- BitLicense became the common term to describe the license governing companies for digital asset space in New York.
- Blockchain and digital assets are going to be an essential aspect of economic growth and development.
- Lawsky met Ripple General Counsel Stuart Alderoty at Swell to discuss the conception and design of BitLicense.
Blockchain and digital assets are going to be an essential aspect of economic growth and development. However, to ensure that they used most efficiently, we need regulations and frameworks.
In 2014, Benjamin Lawsky proposed one such framework, New York’s BitLicense. Over the years, BitLicense became the common term to describe the license governing companies for digital asset space in New York.
Lawsky met Ripple General Counsel Stuart Alderoty at Swell to discuss the conception and design of BitLicense. They also talked about how the experience with BitLicense will help with the formation of future regulatory frameworks.
Civil-War era code for Digital Asset
When Lawksy began working on BitLicense, there was no pre-established framework for digital asset regulations. Lawsky stated that the rules applied to BitLicense created during the Civil-War.
Lawsky believes that BitLicense was a success and considers the numbers to be substantial evidence. He further states that 22 companies acquired BitLicense, and 15 companies refused.
Today, those 22 companies are operating successfully, whereas the 15 companies have suffered a hack or got caught in money laundering. Lawsky explains that getting a BitLicense provides a competitive edge as it gives a sign of confidence to investors and customers.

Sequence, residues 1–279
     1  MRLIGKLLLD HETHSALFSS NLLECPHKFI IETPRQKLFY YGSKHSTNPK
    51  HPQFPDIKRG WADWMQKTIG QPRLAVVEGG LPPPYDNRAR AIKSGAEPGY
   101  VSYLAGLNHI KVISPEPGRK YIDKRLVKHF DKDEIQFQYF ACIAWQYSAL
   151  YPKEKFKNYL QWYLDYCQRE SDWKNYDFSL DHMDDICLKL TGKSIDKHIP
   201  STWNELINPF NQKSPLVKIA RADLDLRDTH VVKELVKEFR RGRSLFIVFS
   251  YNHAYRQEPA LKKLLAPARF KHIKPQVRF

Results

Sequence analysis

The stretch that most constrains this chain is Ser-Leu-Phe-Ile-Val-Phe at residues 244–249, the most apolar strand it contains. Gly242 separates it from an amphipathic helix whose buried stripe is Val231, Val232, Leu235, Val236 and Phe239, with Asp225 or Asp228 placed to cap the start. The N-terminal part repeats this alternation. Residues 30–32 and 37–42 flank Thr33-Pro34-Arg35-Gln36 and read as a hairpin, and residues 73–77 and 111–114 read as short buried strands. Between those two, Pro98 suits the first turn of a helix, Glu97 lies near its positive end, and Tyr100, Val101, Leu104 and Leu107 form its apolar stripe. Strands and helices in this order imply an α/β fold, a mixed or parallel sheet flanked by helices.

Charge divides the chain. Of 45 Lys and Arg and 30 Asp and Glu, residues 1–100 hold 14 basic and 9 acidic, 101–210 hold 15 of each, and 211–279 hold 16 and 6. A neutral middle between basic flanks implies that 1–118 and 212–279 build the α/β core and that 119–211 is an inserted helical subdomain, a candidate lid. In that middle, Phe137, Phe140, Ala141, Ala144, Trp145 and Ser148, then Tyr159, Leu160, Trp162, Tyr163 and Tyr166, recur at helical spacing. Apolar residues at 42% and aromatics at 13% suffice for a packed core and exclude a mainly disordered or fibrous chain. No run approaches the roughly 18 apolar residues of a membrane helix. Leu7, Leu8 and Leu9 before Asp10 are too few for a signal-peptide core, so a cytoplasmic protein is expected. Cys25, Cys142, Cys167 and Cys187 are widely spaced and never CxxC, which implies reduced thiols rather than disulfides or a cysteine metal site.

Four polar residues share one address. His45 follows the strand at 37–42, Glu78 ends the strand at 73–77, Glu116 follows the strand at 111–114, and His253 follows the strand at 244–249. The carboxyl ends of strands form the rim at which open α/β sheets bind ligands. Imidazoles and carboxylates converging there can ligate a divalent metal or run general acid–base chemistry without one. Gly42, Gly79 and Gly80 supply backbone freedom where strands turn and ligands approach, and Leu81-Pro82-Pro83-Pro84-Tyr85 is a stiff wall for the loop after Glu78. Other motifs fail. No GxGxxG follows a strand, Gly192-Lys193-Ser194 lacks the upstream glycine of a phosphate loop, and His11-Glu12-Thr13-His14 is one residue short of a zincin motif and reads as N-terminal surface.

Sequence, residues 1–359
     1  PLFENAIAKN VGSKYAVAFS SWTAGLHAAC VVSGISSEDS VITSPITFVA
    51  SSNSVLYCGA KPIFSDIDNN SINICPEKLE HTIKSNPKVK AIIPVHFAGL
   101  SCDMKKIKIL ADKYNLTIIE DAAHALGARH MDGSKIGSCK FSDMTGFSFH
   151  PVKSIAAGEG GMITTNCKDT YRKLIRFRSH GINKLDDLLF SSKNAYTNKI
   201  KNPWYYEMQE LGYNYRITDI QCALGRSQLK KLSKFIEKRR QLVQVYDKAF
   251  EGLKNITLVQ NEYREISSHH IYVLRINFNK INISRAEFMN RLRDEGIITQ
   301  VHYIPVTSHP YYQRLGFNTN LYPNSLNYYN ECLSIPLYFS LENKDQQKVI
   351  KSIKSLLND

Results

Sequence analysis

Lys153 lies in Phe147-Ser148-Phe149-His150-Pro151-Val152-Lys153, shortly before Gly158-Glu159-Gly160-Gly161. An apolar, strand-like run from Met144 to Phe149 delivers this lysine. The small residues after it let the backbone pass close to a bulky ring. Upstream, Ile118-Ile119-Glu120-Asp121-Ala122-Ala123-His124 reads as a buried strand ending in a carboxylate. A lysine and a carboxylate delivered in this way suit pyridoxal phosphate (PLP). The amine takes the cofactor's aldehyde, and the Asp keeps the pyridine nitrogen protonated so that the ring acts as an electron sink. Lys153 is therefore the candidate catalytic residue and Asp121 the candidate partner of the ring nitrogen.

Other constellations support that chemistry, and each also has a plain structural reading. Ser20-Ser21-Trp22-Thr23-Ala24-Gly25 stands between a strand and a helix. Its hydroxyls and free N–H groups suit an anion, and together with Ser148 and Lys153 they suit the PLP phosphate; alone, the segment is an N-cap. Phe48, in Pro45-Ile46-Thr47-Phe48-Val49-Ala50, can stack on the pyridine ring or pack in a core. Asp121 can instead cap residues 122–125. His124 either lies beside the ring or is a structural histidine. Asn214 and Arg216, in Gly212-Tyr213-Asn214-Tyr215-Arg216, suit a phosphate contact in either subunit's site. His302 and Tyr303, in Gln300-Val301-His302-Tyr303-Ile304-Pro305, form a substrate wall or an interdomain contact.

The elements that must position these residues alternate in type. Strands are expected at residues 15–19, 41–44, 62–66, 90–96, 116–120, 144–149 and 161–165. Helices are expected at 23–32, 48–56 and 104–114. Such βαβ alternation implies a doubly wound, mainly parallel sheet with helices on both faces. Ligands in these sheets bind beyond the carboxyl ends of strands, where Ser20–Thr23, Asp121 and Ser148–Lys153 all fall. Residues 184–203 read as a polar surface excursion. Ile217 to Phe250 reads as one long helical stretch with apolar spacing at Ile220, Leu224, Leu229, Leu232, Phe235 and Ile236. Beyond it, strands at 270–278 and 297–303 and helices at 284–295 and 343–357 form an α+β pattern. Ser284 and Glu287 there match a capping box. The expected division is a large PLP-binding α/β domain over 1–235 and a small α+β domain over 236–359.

Impact of BitLicense
Lawsky is surprised that frameworks haven’t caught on with more US regulators. He was hoping for more clarity in the previous year. Sadly, the US lacked the momentum, and this led to other countries getting ahead. He said that Singapore had done magnificent work in the past few years.
He further states that Singapore’s plan of creating two different licenses is brilliant. One license is for the regular companies, while the second one is focused on smaller companies and saves them from the burden and cost of a full license.
Lawsky expects states such as California to adopt new regulations, and this will create a model that will be followed by other countries and maybe at the middle level.
He also hopes that a foolproof regulatory framework would create more opportunities. According to Lawsky, “The genie is out of the bottle,” and it will only lead to an improvement in the financial service sector.